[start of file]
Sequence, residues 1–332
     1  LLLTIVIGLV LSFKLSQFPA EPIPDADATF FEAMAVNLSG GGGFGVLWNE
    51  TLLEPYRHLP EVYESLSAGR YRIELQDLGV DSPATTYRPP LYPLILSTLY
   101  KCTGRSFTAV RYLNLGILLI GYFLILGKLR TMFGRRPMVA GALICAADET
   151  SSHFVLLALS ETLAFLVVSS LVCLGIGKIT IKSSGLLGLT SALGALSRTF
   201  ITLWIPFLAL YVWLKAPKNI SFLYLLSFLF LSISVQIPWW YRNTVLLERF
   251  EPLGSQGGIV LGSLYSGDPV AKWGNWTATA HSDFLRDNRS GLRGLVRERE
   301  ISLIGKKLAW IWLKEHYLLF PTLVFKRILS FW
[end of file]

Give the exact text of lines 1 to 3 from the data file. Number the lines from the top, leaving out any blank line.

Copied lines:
Sequence, residues 1–332
     1  LLLTIVIGLV LSFKLSQFPA EPIPDADATF FEAMAVNLSG GGGFGVLWNE
    51  TLLEPYRHLP EVYESLSAGR YRIELQDLGV DSPATTYRPP LYPLILSTLY